Dan Parton cutWith the turn of another year, it is time to look ahead to what might happen in the next 12 months, although I suspect that for many people with learning disabilities, they will do this with a sense of trepidation.

The continuing austerity agenda and reform/cuts (delete as applicable) to welfare benefits will cause more worry and, in some cases, hardship to people with learning disabilities, especially those at the milder end of the spectrum who stand to lose the most.

With the Conservative government signing up to five more years of austerity, local authorities are facing yet more cuts to their budgets. Social care and learning disability services will again be under threat and it is likely that across the country some services will be scaled back or cut altogether. While those with profound and multiple learning disabilities will remain protected, largely, it is those who only have a few hours of support a week who stand to lose most if social care services are cut. 

Likewise with benefits, as the move from Disability Living Allowance (DLA) to Personal Independence Payment (PIP) continues, those with fewer needs are worried about missing out as the eligibility criteria has been ramped up (remember, in 2013 at the beginning of the change the government stated its aim to take 500,000 people off the benefit). 

There are also fears about the reassessment process for Employment and Support Allowance (ESA). Again, eligibility criteria have been ramped up and there are many anecdotal stories of people with learning disabilities and/or autism being found fit for work when they really aren’t – there have been various reports of the Work Capability Assessment discriminating against people with autism. There is also the threat of the government cutting £30 per week from ESA, which again could cause more hardship.

These issues are causing real stress for people with learning disabilities. If they lose their support services, it could be the difference between living well and independently in the community and struggling – with the added risk they could end up in crisis and needing more specialist services. 

Meanwhile losing DLA/PIP or some of their ESA could be the different between eating or heating for some. Many people with learning disabilities rely on benefits – only 6% are in paid employment – and, as a result, have largely fixed incomes. Take away some of that money and they will struggle to pay their bills. There is also anecdotal evidence of people with learning disabilities getting into trouble with debt and loans because of this.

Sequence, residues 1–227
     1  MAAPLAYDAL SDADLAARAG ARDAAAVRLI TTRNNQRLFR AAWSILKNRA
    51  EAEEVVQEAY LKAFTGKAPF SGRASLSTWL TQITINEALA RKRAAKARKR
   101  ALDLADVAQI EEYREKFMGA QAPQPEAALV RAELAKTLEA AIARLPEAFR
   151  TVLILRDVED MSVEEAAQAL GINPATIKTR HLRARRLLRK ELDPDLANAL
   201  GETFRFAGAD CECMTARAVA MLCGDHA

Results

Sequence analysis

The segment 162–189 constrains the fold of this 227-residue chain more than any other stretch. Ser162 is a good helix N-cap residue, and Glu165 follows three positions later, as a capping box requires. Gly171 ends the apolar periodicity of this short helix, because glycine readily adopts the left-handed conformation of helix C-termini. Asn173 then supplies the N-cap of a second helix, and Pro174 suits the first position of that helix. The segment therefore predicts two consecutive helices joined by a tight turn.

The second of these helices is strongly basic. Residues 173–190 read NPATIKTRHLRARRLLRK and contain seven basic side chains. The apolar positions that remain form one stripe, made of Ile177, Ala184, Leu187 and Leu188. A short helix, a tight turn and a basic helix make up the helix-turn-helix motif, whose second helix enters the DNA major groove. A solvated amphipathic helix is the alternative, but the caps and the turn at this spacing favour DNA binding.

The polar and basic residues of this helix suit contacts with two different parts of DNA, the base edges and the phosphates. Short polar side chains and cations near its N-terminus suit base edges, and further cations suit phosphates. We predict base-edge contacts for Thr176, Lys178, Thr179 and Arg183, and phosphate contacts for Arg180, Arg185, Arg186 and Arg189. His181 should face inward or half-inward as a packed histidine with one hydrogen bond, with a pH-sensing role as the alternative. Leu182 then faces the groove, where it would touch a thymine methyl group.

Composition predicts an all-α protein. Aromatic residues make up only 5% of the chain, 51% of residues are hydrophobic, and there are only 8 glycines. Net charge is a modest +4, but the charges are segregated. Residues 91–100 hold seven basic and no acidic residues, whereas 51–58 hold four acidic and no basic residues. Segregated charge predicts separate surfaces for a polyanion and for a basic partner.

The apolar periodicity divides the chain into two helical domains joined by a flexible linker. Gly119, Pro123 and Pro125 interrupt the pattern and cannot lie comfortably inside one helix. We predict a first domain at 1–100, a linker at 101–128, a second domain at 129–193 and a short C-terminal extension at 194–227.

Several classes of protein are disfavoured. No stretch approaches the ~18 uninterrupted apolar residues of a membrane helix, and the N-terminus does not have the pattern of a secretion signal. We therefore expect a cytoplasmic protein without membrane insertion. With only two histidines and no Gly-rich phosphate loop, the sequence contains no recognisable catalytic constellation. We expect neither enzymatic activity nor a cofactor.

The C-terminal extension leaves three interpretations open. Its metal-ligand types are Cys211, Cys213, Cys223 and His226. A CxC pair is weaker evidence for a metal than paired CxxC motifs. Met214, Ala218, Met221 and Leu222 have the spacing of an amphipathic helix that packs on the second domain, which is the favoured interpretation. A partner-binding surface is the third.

People with learning disabilities aren’t scroungers and taking money away will not incentivise them to go out and get jobs – which is one of the government’s reasons for cutting benefits. Many want to work but face barriers to doing so and/or will need support to get a job – of which there is precious little. Sadly, it will only end up causing hardship.

Elsewhere, the issue of people with learning disabilities and behaviour that challenges being stuck in assessment and treatment units, and moving them back into the community, is likely to loom large. In 2015, NHS England became the latest organisation to try and come up with a solution to the problem. ‘Homes not Hospitals’ came up with some good ideas, but whether these are delivered remains to be seen. Hopefully this year will see some progress towards the desired outcome, but this is a three-year plan so visible progress may be limited in 2016.

This year will also see the continued rollout of the Learning Disability Mortality Review programme, which will support reviews of deaths of people with learning disabilities. The recent Mazars report into Southern Health and its failures to adequately investigate the unexplained deaths of many people with learning disabilities demonstrates how important this could be.

People with learning disabilities die on average 18 years before their peers without, and many of these deaths are avoidable. This long-overdue programme could well go a long way to providing the reasons why and tackling some of the health inequalities that still exist for people with learning disabilities.

There are still other causes for optimism, and this should not be forgotten. There are many services out there providing good and innovative support to help people with learning disabilities live well. There are also great examples of voluntary organisations helping people with learning disabilities take a full part in their community. These should be celebrated and given more exposure – and backing – than they currently get.